This cocktail, which was invented before the Prohibition era and was one of the drinks that gave birth to cocktail culture, also has a great story. It is certainly the cocktail, above all others, that demonstrates a bartender’s prowess, such is the skill required to combine and balance the ingredients. It was invented in New York by Richard Hugo Ensslin, head bartender at the Wallick House Hotel, or so the story goes (it’s always difficult to establish the veracity of such legends). He was certainly the first to put the recipe down in print, in his book Recipes for Mixed Drinks, published in 1916/17 in two separate editions. The same cocktail was then found in the Savoy Cocktail Book of 1930, but with one ingredient missing, Crème de violette, which makes the delicate balance between gin, maraschino and lemon juice even more complex. Ask your bartender for one.

Gin and tonic

Like the spirit used in it, this cocktail also started life as a cure for ailments. In 1747, the surgeon of the Royal Navy, James Lind, had discovered that vitamin C deficiency was responsible for a terrible disease among sailors: scurvy. As a result of his research, it became compulsory to carry vitamin C-rich limes on British warships, leading to sailors being given the derogatory nickname of limeys. Meanwhile, the German chemist Johann Jacob Schweppe had started to produce soda for medicinal purposes in his shop in Bristol, England, adding carbon dioxide to quinine-based tonic water, which was used in Europe to treat malaria. As the British colonized India, first with the East India Company and then with the Royal Navy, they took supplies of British gin and tonic with them, mixing them together to make the tonic more palatable. Lime was prescribed by the doctor, and so the gin and tonic was born.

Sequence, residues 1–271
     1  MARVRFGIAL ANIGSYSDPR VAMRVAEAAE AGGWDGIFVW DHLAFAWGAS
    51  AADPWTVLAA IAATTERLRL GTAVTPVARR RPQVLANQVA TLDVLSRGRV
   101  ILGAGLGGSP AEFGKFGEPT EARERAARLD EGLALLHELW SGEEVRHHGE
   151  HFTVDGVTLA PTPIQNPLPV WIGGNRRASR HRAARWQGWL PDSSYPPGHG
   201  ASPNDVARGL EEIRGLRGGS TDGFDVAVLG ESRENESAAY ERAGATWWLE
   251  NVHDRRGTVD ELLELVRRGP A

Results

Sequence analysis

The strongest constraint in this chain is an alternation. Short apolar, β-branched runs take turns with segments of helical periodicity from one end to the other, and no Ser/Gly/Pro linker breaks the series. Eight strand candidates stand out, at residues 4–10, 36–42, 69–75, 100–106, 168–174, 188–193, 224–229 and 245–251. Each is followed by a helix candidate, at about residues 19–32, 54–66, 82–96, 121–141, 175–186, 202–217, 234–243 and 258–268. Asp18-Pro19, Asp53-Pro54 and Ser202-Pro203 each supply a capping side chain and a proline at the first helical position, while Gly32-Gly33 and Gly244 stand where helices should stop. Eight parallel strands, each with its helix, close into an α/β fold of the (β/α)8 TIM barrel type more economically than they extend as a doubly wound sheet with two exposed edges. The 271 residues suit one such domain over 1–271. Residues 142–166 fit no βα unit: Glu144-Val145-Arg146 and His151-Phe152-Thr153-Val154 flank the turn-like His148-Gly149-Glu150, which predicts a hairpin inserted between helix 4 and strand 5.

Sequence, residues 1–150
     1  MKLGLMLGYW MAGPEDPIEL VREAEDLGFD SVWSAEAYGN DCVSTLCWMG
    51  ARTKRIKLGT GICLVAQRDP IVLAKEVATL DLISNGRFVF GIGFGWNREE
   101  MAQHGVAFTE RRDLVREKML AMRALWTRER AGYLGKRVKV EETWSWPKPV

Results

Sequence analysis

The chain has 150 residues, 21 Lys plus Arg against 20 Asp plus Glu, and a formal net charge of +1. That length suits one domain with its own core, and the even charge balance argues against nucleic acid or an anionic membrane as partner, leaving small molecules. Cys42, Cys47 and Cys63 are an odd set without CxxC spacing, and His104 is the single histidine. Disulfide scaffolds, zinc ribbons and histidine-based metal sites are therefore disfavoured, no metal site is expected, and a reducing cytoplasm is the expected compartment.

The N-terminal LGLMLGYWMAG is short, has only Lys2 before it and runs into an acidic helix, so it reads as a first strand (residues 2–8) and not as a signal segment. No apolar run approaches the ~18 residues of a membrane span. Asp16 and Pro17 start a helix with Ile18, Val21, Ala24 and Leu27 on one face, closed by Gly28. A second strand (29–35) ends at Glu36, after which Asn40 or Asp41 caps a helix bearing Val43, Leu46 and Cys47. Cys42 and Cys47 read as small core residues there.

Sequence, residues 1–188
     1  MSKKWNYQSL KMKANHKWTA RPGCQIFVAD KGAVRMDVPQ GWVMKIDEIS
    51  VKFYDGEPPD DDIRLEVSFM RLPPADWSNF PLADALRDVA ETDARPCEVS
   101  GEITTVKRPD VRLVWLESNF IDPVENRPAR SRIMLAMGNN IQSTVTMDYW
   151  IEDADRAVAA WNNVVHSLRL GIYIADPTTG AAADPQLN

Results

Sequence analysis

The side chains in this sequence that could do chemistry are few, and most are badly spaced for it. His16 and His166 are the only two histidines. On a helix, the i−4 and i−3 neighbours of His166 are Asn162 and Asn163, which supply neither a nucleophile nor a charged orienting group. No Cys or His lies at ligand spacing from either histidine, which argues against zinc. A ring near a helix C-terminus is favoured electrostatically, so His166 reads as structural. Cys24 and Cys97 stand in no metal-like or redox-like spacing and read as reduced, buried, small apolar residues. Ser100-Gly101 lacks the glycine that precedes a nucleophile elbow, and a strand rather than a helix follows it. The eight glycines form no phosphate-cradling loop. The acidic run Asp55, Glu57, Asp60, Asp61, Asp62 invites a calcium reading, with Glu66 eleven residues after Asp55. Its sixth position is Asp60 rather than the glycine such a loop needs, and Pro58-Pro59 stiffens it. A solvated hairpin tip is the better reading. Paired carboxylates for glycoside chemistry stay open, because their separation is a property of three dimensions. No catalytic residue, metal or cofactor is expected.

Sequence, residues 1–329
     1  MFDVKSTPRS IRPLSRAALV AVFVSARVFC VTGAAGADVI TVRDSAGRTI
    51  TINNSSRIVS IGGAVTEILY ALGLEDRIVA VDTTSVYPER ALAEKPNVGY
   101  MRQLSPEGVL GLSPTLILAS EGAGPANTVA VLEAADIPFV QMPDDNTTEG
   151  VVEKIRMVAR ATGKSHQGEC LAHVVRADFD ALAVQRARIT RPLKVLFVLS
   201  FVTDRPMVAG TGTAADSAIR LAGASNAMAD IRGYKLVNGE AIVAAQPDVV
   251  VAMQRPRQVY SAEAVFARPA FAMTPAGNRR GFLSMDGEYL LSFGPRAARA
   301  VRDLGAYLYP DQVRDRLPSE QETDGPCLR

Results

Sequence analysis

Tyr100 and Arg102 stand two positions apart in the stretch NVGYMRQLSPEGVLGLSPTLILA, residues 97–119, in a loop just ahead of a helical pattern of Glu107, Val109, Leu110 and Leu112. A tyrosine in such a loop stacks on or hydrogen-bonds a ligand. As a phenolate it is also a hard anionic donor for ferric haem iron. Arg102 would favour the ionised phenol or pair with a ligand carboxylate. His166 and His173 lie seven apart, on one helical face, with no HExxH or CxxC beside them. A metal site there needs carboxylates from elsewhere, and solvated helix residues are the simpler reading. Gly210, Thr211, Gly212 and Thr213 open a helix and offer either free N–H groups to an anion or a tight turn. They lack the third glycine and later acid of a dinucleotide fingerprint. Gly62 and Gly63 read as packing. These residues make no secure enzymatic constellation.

Of the cocktails you’ll try in Turin, this is one of the most recently invented. It was invented at Fred’s Club in Soho, London, in 1984 by Dick Bradsell, one of the most famous bartenders of the 1980s, a true innovator whose ideas revolutionized mixology. He was perhaps the first superstar bartender. The bramble was an instant classic and crowned “King of cocktails” by The Observer newspaper. The ingredients? Gin, sugar syrup, lemon juice and crème de mûre.

Martini Cocktail

There at least as many legends Martini_Ginsurrounding the martini as there are variants. None of which, by the way, is exactly the same as the modern recipe. Some attribute its invention to Jerry Thomas, author of the first cocktail recipe book (published in 1862). His book contains a drink called the Martinez, which consists of: a wineglass (110 ml) of red vermouth, a pony (30 ml) of Old Tom gin, two dashes of maraschino and a dash of Boker’s bitters. All the ingredients are mixed in a cocktail glass and garnished with a slice of lemon. There are other legends associated with the martini, and though there’s not enough space to recount them all, we’d like to tell you one of the most recent and believable (according to our British source, not us). In 1911, the head bartender at the Knickerbocker Hotel in New York, Martini di Arma di Taggia, combined London dry gin, Noilly Prat vermouth and orange bitters. He then chilled the drink and poured it into a chilled glass. Knickerbocker regulars then started to order variations on the drink and eventually, the olive was added.

When food meets gin: an exciting adventure in food pairing

Gin Act

Dave Broom, Distilling Knowledge, a professional guide to spirits and liqueurs, Wine and Spirit, Education Trust, London 2006


Photo Credits
First and second photos:
Gin tonic:


Michela Marchi